Many packages far down on the wish list
[2011-11-29] This year’s Christmas shopping is expected to set new records, and a common sales trick is to combine and sell goods and services in bundles, as in ‘one item free’. Somewhat surprisingly, we often find these package deals less attractive than separate goods, according to new research from Umeå University.
The most important sales period for stores has started, and in different stores we encounter apparently good deals involving the purchase of two or more items together. Such package deals might consist of everything from ‘buy three pay for two’ to more complicated combinations, such as all-inclusive trips or computer packages with hard- and software plus warranties. In a new dissertation, Erika Knutsson, Umeå School of Business, has studied in what way the relationship between the products in the bundle affects how attractive we think the deal is.
In five studies she asked nearly 800 consumers and students to determine a price for individual goods and services, and various combinations of the same products. She was surprised to see the low values placed on most bundles.
“Package deals are seldom regarded as more attractive than separate products, not even if the combination is offered at a considerable discount,” says Erika Knutsson.
The relationship determines the value
Her results show that it is only bundles with closely related products that can be judges as being just as attractive individual articles. Even though she had expected that the relationship between the goods in the package would affect the estimated value, she was somewhat surprised by how important this was.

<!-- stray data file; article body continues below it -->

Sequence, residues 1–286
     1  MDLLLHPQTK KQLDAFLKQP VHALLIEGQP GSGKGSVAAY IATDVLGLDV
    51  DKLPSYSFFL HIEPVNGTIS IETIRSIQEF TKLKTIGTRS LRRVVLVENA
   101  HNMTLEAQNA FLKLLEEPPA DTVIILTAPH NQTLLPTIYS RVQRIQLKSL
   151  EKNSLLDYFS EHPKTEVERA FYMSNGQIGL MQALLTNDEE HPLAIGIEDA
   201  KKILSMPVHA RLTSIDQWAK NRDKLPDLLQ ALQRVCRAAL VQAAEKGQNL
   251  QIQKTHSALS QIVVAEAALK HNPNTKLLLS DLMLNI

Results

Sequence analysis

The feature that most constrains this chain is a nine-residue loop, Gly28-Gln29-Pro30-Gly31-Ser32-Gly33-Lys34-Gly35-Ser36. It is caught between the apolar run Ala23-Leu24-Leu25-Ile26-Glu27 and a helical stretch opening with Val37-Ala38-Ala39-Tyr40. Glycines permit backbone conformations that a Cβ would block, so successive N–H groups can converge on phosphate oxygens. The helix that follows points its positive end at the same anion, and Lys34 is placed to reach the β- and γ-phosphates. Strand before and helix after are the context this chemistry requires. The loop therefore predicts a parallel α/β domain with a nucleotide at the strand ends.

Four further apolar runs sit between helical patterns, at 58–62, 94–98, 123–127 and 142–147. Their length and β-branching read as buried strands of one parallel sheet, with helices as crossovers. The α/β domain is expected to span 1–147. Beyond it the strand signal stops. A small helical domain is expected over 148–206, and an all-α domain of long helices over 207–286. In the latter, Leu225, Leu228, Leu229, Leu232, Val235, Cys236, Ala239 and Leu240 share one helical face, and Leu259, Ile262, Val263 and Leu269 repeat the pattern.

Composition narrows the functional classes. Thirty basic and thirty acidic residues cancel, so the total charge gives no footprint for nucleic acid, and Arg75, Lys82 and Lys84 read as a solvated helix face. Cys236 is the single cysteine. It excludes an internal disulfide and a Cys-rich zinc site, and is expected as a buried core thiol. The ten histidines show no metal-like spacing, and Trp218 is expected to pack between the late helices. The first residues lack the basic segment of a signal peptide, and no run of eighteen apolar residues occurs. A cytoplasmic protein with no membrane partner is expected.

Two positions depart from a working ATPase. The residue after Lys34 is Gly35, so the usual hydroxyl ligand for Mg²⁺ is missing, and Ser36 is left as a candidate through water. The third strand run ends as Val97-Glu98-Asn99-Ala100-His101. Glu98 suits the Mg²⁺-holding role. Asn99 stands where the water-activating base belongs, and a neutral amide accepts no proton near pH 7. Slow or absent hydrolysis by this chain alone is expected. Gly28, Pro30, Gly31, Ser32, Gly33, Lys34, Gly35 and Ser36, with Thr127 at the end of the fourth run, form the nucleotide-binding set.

“The more the bundled items are seen as belonging together, the more highly we value the combination,” says Erika Knutsson.
“We’re even more satisfied with complementary bundles even if we only make use of one of the goods, compared with entirely unrelated combinations.”
Function, timing or appearance
What, then, is meant by “complementary bundles”? According to Erika Knutsson they can involve items that go together functionally, like TVs and DVD players, or goods that are consumed at the same time, like popcorn and movie tickets. It can also be a matter of products with a similar image, like bundling a round of miniature golf with a pass for a swimming facility.
“What attractive combinations have in common is that customers can quickly and readily see what added value multiple products create.”
Erika Knutsson maintains that this research is not only useful for companies to increase their profit margins.
“More attractive bundled deals can also mean that more customers benefit from various offers.”
About the dissertation
On Friday, December 2, Erika Knutsson, School of Business, Umeå University, will publicly defend her dissertation titled Bundling for consumers? Understanding complementarity and its effect on consumers’ preferences and satisfaction. The defence will take place at 9.15 a.m. in Hs 1032, Northern Behavioural Sciences Building. The external examiner is Professor Anders Gustafsson, business studies, Karlstad University.
Editor: Camilla Nilsson
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